The nature and success of the interventions are difficult to evaluate because of mixed interventions and varied duration (from a single 15- to 20-minute education unit16 to an 8-week psycho-educational group intervention17 and varied strategies. The settings, scales, and timing of measurement differed across the studies. We summarize the findings as follows:
These findings are encouraging in that interventions can reduce stigma. However, many of these reports did not include a validated instrument to measure change in stigma over time.
Our intervention consisted of bringing a group of PLHA and nurses from one health setting together for a 2-day project initiation workshop. The project initiation workshop was facilitated by a nurse and PLHA based on a standard manual and both were trained over a period of 2 days prior to them running the workshops. On the basis of this training the teams were then given the task of designing, implementing, and evaluating a project to reduce stigma in their health care setting within a month, with the support of the facilitators. The project concluded with a 1-day project evaluation workshop again facilitated by the facilitators. The projects were not standardized and the project undertaken in each of the five settings and report on the impact of the project on the participants combined as a group will be described later.
We used Goffman's18 definition of stigma, which is an undesirable or discrediting attribute that an individual possesses, which affects the person's status in society. We developed a model of the HIV stigma process19 which indicates that internal stigma, defined as thoughts and behavior stemming from the person's own negative perceptions about themselves based on their HIV status, is an important component of HIV stigma (p. 547). In this model the health care system is identified as a setting in which HIV stigma is both triggered and manifested. From the beginning of our study, we have been working with nurses as well as with PLHA and we have believed strongly that antistigma interventions should start with health facilities for two reasons. First, PLHA are dependent on these facilities for their health care. If they are stigmatized in these facilities, this forms a potential barrier to care and support. Second, health care workers are opinion leaders in their own communities. If they stigmatize PLHA, they set an example that is difficult to counteract. The health care setting was also targeted by Mahendra et al.20 in India in their study to reduce HIV stigma. We focused the intervention on a single health care facility in each country as a pilot study for a larger trial.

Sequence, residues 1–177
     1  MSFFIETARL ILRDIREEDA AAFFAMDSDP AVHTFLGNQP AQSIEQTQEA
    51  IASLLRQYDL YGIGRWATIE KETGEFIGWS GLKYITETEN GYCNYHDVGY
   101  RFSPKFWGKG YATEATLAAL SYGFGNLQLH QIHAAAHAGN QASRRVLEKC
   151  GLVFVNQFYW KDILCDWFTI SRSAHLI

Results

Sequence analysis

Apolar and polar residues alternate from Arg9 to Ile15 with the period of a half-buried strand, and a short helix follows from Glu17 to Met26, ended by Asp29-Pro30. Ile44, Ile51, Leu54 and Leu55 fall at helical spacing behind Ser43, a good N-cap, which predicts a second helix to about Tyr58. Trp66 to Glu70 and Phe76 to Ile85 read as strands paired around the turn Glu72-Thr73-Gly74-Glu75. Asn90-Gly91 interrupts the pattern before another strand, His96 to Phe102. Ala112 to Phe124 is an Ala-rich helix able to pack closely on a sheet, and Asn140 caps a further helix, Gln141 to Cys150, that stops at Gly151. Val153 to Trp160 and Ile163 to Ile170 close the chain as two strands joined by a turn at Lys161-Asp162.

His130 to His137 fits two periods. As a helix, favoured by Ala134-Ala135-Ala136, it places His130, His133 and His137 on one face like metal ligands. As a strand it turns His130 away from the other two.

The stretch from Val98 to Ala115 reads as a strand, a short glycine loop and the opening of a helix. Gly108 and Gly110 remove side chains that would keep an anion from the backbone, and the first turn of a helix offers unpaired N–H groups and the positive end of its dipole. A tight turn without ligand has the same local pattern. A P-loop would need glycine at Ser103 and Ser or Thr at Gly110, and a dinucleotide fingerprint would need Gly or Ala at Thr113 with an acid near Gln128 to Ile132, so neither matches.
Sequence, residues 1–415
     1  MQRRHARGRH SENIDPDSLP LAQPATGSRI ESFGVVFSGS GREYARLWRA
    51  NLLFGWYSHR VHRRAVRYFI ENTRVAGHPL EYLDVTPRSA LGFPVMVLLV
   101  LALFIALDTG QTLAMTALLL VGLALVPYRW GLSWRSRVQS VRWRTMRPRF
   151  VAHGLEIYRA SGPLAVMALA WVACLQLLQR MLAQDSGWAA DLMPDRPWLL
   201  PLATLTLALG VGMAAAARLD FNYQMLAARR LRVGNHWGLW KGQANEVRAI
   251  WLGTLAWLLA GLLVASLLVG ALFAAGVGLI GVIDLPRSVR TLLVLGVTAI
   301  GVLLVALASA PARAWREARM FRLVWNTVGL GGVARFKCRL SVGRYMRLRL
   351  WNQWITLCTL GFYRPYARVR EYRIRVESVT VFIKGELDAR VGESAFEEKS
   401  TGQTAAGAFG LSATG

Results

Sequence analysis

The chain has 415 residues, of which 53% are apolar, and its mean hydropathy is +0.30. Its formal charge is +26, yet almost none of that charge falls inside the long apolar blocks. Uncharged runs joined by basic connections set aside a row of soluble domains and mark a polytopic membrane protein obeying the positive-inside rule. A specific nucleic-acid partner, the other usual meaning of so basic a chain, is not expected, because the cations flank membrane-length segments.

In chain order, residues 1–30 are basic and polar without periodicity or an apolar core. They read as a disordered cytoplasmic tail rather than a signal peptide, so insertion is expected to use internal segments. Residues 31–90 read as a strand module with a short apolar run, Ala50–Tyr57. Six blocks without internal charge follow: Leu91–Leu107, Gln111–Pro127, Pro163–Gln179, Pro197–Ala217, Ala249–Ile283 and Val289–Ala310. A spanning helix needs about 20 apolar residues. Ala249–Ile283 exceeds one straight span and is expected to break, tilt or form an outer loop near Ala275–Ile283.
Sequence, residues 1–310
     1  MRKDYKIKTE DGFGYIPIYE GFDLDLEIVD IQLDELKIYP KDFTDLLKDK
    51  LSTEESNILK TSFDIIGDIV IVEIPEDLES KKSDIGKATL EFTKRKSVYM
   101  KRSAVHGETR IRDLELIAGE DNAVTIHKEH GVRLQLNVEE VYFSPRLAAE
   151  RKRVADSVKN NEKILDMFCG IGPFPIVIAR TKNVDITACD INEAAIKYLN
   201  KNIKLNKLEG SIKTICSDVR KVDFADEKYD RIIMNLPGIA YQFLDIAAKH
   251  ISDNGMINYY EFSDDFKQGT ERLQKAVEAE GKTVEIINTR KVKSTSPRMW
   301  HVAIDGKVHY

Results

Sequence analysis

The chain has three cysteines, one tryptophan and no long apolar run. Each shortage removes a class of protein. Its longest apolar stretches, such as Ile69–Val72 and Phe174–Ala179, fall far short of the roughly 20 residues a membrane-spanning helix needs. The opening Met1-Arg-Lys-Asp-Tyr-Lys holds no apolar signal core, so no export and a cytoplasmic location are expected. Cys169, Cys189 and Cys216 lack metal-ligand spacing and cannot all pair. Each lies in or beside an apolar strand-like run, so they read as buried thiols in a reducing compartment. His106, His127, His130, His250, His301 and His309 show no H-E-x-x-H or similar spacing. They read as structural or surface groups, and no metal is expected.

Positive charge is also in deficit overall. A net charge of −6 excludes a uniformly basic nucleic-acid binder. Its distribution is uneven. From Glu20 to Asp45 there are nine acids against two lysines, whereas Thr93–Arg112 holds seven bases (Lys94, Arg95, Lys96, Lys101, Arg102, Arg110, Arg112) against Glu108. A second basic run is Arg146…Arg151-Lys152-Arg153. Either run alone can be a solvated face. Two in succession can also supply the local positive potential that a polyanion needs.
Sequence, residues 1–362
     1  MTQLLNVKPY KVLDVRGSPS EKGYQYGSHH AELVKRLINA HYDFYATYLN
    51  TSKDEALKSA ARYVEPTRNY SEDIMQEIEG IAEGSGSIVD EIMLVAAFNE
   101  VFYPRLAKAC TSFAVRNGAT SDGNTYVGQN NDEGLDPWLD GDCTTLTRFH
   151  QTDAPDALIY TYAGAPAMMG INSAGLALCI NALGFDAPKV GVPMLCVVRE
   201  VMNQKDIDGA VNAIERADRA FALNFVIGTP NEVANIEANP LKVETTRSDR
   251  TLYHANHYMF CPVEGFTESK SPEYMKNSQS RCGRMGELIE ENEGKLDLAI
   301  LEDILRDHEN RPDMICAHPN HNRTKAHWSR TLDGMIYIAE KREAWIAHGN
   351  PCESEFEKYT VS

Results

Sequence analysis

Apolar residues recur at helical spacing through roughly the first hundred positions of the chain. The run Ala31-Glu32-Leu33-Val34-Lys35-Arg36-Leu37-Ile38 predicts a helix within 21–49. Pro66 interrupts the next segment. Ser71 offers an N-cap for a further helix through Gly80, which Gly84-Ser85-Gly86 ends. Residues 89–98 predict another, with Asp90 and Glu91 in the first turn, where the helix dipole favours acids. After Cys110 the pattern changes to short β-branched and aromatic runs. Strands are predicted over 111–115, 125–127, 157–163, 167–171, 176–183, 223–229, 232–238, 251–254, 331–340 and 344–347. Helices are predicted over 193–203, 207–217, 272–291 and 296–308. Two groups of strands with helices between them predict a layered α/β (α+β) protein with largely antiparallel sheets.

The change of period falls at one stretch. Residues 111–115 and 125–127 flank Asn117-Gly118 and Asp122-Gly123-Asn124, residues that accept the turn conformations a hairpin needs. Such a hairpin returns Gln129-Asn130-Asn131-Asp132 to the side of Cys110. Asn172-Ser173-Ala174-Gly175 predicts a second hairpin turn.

We chose an intervention that combined three strategies: (1) sharing information, (2) increasing contact with the affected group, and (3) improving coping through empowerment.
Sharing information consisted of providing the results of the previous phases of our study and giving general information about the impact of stigma on PLHA. Increasing contact consisted of bringing together 10 nurses from a particular health care facility and 10 PLHA that frequent the same facility to plan a stigma reduction intervention together. We constructed a new context that attempted to equalize the relationship between health service providers and service users. This promoted empathy, changed roles, and facilitated the development of new perspectives on the issues. Empowerment involved engaging PLHA in an activity that saw them addressing stigma directly, and not accepting it or living with it.
We saw this as empowering, in that it gives the PLHA the feeling that he or she can do something positive, and is not merely a victim. It also made them “service providers” and not only service users, again accentuating a positive, active involvement. We adopted the definition of empowerment by Cross and Choudhary13 who wrote “the process of empowerment is one in which identity is established, the value of life is enhanced and the potential for a dynamic future is constructed” (p. 317). Our empowerment strategy also has some commonalities with the coping interventions described by Chesney et al.21, Puhl and Brownell22, and Gordon-Garofalo and Rubin.17
Based on all these considerations, we developed a manual to be used by a nurse facilitator and a PLHA facilitator to run the intervention workshops. It contained 11 topics that included presentations and exercises as shown in Table 1.